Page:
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North Korea's Accountability Anxiety

November 14, 2014 2 minute Read by Amanda Schnetzer

On Saturday, the North Korean government released the remaining two Americans held captive in this communist state.  Victor Cha, a Bush Institute fellow in Human Freedom and Korea Chair at the Center for Strategic and International Studies, says the move is evidence that the Democratic People’s Republic of Korea regime is feeling accountability anxiety for its gross human rights violations against the North Korean people.

Cha and his CSIS colleague Victor Lim write that “concerted efforts this year, beginning with the 372-page United Nations Commission of Inquiry report on human rights in the DPRK in February, to put pressure on Pyongyang for its human rights record have brought renewed international attention and criticism to the closed state. The unwarranted attention this time has caused Pyongyang much embarrassment, prompting the regime to send North Korean foreign minister Ri Su Yong to address the UNGA for the first time in fifteen years…They have clearly never seen anything like this before.”

Click here and here for more about how the Bush Institute and CSIS are cooperating on efforts to help improve the human condition in North Korea.

Amanda Schnetzer serves as director for Human Freedom at the Bush Institute.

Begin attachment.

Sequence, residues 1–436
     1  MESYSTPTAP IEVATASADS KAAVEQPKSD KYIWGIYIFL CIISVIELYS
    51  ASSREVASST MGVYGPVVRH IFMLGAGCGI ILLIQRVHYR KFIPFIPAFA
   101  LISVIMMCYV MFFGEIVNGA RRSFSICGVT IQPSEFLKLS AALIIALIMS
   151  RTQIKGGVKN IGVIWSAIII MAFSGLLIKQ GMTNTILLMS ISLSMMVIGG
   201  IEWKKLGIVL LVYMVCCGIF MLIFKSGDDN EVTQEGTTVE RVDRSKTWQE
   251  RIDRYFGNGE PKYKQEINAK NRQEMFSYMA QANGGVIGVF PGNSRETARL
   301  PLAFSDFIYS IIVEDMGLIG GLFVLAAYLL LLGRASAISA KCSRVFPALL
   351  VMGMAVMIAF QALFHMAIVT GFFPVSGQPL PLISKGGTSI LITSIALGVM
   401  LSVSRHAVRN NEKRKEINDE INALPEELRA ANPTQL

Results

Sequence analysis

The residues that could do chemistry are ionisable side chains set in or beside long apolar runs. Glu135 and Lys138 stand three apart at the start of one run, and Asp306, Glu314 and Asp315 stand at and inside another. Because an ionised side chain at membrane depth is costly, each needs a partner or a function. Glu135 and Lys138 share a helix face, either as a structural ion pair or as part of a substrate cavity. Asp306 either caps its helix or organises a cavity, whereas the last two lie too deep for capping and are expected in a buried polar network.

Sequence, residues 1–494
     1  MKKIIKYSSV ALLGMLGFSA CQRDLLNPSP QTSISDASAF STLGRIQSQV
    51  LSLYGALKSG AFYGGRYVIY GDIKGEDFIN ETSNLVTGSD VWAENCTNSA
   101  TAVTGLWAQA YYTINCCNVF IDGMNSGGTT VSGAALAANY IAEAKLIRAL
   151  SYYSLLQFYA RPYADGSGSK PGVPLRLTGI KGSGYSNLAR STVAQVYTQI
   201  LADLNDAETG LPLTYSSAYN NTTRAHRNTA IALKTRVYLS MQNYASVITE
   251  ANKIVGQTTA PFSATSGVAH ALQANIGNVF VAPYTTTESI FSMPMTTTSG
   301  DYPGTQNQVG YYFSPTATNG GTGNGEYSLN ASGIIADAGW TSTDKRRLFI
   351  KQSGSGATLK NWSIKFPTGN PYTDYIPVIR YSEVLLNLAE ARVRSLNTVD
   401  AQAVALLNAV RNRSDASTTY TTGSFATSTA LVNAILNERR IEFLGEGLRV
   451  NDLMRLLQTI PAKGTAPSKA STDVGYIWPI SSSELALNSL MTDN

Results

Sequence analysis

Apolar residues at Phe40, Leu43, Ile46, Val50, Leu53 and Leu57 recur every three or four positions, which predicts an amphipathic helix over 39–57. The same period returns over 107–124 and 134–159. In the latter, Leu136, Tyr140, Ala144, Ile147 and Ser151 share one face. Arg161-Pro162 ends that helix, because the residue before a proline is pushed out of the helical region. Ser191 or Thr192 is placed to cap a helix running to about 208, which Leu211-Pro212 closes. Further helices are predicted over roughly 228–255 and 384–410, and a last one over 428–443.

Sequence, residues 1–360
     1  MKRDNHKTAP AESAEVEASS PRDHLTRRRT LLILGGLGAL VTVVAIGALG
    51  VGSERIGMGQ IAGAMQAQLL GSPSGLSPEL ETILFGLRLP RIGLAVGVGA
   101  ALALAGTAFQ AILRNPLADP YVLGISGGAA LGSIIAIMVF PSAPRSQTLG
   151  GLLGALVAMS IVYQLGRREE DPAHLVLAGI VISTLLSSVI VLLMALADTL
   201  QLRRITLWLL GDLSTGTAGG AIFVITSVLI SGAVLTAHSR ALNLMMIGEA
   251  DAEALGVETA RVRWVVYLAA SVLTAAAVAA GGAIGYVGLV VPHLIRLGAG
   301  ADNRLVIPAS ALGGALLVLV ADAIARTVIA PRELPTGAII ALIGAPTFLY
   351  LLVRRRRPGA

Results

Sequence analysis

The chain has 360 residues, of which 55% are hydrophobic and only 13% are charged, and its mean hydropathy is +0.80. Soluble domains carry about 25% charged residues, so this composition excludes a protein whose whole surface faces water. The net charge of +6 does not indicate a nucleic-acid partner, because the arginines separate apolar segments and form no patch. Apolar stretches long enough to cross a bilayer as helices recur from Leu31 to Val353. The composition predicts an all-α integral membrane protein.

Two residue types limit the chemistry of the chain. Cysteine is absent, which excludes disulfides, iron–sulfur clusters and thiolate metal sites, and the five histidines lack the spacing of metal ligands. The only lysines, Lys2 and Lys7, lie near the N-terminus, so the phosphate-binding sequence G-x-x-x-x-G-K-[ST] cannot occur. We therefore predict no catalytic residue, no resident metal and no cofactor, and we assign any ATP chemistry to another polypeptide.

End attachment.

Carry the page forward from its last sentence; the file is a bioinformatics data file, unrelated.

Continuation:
Author

Amanda Schnetzer
Amanda Schnetzer

Amanda Schnetzer is Director of Global Initiatives at the George W. Bush Institute in Dallas, Texas. In this role, she is responsible for developing innovative research, programmatic, and policy efforts to advance societies rooted in political and economic freedom and to empower women to lead in their communities and countries. Previously she served as the Bush Institute’s founding director of the Human Freedom Initiative. 

Amanda has twenty years of experience in the international arena and a background in public policy research and analysis, public affairs, and management of diverse, high-level stakeholders. As senior fellow and director of studies at Freedom House in New York, Amanda guided research for the organization’s definitive studies of freedom. She began her career at the American Enterprise Institute in Washington, DC, supporting research on U.S. foreign policy and international politics. Amanda is a published writer and a member of the Council on Foreign Relations. She holds degrees from Georgetown University and Southern Methodist University, where she graduated Phi Beta Kappa.

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